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Dim SUM? First time SF visitor...

I have never been to SF before, I'll be there for Memorial Day Weekend.. I've also never had Dim Sum and I would like to try it. Any suggestions for a first timer? I don't want to travel too far we are staying in Nob Hill, so somewhere in Chinatown would be preferred, since I want to go there anyways. Any other suggestions for breakfast, lunch and dinner in North Beach, Fishermans Wharf, Nob Hill and Chinatown would be much appreciated. I want to get the best of the city while I'm there!

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  1. You might want to be more specific in what you want to eat...like naming a cuisine or stating if you're up for anything and everything. I do want to warn you that dim sum could be a shock to some people. I took my Caucasian co-worker who eats nothing but chicken and salad and she thinks dim sum is totally disgusting. Anyway, I don't eat dim sum in Chinatown so I'm no good there but Mama's is a must for breakfast. If you like Asian fusion, I recommend House (I might be biased since I do know the owners...but everyone else that I've taken there love it as well). I would also stay away from eating anything in Fisherman's Wharf...the food just isn't good there.

    Mama's
    1701 Stockton St.
    San Francisco, CA

    House
    1230 Grant Ave
    San Francisco, CA

    1. I think Gold Mountain (644 Broadway) would be ideal. The dim sum is good and affordable, and the venue bright and spiffy enough not to put anyone off (unlike some of my favorites ;-) You get the whole Chinatown Dim Sum experience, including the rolling carts (see before you buy), and the diin of chattering multi-generational families, yet it's quite accessible to newbies, and most of the servers can at least give monosyllabic replied to questions ("What's inside?" "Shrimp.")

      I concur with Mama's for another brunch (no dim sum at dinner time) though you will probably have to stand in line, and as Sylphi suggests you might want to focus your reuest for dinner suggestions as there are so many options available.

      1 Reply
      1. re: Gary Soup

        I agree that Gold Mountain is a good choice. Definitely good to go to a place with carts if it's your first time.

      2. There are literally no restaurants I would strongly reccomend in the Fisherman's Wharf area (unless you count Gary Danko). That said, if you are going to be eating in Fisherman's Wharf, I would reccomend Ana Mondara -- now, before ANYONE gives me grief over that, it is not the best Vietnamese restaurant in the city, not even close. It is way overpriced. It is not authentic. BUT, it is my favorite restaurant IN FISHERMAN'S WHARF. And, to be fair, the room is amazing.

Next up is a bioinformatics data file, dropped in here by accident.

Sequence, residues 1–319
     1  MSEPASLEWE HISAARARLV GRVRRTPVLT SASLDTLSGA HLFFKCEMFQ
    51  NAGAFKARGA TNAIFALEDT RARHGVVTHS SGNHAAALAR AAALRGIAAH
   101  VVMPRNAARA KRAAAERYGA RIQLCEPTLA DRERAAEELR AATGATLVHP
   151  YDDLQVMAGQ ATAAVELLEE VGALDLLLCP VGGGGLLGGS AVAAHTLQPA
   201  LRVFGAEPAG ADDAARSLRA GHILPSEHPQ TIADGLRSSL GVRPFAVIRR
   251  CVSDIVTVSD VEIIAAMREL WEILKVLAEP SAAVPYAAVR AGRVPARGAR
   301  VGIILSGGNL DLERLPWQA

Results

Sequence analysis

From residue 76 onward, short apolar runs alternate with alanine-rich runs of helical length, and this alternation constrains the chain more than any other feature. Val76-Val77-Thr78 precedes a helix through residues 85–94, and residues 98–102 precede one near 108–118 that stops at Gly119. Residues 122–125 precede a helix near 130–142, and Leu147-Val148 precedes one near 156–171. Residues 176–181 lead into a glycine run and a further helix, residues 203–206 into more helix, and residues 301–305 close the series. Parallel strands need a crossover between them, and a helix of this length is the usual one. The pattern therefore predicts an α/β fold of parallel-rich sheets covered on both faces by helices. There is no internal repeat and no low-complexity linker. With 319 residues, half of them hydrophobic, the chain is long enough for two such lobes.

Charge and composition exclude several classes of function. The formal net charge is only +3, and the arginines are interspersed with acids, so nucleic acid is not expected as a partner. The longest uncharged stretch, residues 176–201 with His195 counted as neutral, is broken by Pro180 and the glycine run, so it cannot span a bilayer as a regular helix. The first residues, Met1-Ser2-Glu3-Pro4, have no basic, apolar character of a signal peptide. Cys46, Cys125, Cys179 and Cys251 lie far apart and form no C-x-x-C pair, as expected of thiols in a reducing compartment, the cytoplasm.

I LOVE L'Osteria del Forno in North Beach. It is a cheap Northern Italian gourmet pizza restaurant which also makes an unbelievable pork roast. No reservations, you go and hope you don't wait too long. Literally one of the two or three best values in San Francisco, imo.

        Fleur de Lys is my favorite restaurant in the city and it is on Nob Hill. Very expensive but worth it. (Coat requested, tie optional)

        5 Replies
        1. re: whiner

          I wouldn't call L'Osteria del Forno a pizza restaurant. They do make pizza but it's not their strongest dish (though everybody should try a slice of the porcini).

          http://www.losteriadelforno.com/info/...

          1. re: Robert Lauriston

            EXACTLY! I always order the same thing when I go there. A salad, 1 slice of the porcini, and the pork roast. I leave stuffed. I think their strongest dish is the pork roast, but half of their menu is pizza.

            In any event, it is hard to beat their value. I consider the food there to be seriosuly "chow" -worthy , but the prices are incredibly low for the quality.

            1. re: whiner

              Definitely the best value for Italian food in town.

              The pork roast is a frequent daily special, usually but not always available.

          2. re: whiner

            Hi whiner, I hope the next time you are at Ana Mandana, you will do a separate report. I like Ana Mandara, but it has been a few years and lately there have been a number of downhill reports so I stopped recommending it.

            To the OP, there are quite a few requests similar to yours on the board, so searching either by scrolling down or using the search option will get you lots of ideas.

            Here's some more options for Fisherman's Wharf.
            http://www.chow.com/digest/577
            http://www.chow.com/digest/2079